Uncle Vanya

Anton Chekhov
Bristol Old Vic

Production photo

The re-opening of Bristol Old Vic, one of the country's oldest and most venerable theatrical institutions under a new adminstration, is cause for celebration. Visits to the venue under the hapless artistic direction of Simon Reade made for a dispiriting night indeed. Now it is renovated and with a new remit of producing in theatre in partnership with other arts groups in the city.

One of the first fruits of this new approach is a joint production of Chekhov's Uncle Vanya with Shakespeare at the Tobacco Factory director Dan Hilton.

With a fine version of Three Sisters a few years ago the outlook for this outing were good. Hilton's trademarks are an attention to the text above all, ensuring a clarity of approach and of speech, together with an eschewal of 'concepts'.

However, I have to report that the chorus of praise for this production from many quarters seems to me utterly misplaced. Of course I wouldn't want to begrudge the theatre any measure of success given its recent travails, but to assert, as one Sunday newspaper has done, that this was one of the ten very best theatrical productions of the year - the only regional one - is ridiculous.

Much has been made of the revelatory mining of comedy in the production. In fact the handling of comedy seemed to me to be hammy in the extreme. As Pinter remarked of his own work, "It's funny up to a point - and then it isn't". For a producer as fastidious as Hilton I am surprised at the misjudgement.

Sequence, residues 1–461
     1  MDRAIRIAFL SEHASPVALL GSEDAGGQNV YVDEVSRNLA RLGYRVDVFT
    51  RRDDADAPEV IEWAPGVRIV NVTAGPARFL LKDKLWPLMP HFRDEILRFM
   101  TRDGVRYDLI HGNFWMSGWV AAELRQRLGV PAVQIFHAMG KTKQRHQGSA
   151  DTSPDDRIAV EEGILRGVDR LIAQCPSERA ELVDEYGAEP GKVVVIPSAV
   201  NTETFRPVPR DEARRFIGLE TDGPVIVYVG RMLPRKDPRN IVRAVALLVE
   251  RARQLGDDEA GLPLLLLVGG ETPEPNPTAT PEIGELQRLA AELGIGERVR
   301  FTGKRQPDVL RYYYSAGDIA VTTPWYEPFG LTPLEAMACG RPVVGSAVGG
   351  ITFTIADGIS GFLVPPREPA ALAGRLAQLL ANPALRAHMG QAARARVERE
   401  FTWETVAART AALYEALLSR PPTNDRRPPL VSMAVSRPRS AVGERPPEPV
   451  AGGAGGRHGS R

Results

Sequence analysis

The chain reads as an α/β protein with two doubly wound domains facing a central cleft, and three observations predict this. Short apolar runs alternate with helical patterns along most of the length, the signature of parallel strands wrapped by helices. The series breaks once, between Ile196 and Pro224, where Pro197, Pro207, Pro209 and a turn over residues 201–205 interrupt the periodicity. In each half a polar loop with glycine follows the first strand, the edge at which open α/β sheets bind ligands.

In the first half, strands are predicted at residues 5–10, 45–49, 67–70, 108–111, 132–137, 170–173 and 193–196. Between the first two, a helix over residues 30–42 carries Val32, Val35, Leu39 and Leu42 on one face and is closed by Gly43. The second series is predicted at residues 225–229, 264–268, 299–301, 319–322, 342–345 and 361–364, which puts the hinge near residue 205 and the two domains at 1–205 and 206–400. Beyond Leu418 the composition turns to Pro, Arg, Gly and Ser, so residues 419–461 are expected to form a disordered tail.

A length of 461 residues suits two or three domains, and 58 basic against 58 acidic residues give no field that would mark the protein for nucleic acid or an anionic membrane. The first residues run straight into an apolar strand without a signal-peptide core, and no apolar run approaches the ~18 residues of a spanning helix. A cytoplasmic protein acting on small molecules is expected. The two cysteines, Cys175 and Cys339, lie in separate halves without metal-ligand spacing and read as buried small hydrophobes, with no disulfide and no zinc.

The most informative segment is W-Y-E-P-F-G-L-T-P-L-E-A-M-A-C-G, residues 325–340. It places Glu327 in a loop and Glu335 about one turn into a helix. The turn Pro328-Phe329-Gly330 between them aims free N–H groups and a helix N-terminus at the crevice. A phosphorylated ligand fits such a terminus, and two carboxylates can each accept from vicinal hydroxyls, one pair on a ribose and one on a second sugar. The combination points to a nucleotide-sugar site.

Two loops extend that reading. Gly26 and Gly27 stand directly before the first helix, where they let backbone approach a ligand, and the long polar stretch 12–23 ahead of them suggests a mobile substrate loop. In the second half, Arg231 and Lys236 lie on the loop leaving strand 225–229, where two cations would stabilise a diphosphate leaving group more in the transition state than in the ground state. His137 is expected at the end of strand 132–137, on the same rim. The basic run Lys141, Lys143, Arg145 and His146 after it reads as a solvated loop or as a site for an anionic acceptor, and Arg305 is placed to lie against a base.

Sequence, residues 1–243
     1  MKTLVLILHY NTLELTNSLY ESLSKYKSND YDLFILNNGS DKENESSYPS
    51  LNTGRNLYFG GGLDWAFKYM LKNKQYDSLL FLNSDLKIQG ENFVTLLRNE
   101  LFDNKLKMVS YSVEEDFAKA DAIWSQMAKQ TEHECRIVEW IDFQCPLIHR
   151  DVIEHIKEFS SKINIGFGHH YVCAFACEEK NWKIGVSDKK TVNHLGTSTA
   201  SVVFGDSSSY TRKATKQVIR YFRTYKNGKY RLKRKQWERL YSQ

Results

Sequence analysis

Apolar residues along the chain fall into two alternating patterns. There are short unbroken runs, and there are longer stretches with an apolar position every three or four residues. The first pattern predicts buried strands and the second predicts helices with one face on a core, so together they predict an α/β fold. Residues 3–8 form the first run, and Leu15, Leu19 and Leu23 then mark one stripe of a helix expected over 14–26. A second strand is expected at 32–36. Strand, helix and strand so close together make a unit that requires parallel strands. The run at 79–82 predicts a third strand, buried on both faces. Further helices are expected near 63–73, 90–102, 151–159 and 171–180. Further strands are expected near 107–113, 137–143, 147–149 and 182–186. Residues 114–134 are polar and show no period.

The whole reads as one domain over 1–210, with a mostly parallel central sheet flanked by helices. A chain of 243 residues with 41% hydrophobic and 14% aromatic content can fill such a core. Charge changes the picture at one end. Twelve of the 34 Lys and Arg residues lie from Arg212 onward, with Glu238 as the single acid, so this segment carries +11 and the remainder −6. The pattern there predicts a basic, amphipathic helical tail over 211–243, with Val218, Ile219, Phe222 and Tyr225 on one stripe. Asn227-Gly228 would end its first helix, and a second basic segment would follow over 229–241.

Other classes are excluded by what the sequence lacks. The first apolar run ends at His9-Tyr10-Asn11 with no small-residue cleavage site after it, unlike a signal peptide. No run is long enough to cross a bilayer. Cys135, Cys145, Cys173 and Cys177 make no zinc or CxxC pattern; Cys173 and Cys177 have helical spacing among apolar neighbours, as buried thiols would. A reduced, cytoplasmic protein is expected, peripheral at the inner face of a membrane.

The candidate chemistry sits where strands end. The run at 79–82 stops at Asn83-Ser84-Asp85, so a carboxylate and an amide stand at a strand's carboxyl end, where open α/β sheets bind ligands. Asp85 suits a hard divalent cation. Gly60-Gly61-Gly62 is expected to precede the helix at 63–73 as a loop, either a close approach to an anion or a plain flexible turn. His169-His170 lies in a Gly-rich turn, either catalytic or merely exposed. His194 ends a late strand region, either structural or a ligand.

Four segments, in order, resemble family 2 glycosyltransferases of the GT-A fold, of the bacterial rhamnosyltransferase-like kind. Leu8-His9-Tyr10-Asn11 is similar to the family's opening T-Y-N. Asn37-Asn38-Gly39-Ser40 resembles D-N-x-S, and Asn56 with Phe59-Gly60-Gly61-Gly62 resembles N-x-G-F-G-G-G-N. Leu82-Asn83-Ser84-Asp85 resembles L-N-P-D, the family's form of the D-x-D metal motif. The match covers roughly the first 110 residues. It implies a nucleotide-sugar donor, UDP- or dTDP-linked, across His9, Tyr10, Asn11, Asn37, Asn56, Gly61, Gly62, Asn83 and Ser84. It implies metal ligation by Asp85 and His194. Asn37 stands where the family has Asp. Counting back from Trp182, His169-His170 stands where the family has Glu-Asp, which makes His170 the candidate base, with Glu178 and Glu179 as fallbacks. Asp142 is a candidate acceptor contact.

I winced on behalf of Simon Armstrong as Vanya who began a peroration in an early scene cranked all the way up to 11 and then found himself with nowhere to go except on and on in the same way to increasingly tedious effect. But if Armstrong was perhaps the weakest link, there was not a lot else to compensate. Ian Barritt, as Serebryakov, a retired professor of art and the object of Vanya's spleen, was similarly far too broad too early in his approach.

David Plimmer as Telegin, an impoverished landowner, by contrast, found a far more balanced tone, while there was decent support from Alys Thomas as Yelena and, to a lesser extent, Daisy Douglas as Vanya's niece Sonya.

It's good to see the Old Vic back in business, staging classic work and being well-supported by local theatregoers many of whom, I admit, seemed to share the enjoyment of the production. I can only wave across leagues of ocean.

Reviewer: Pete Wood

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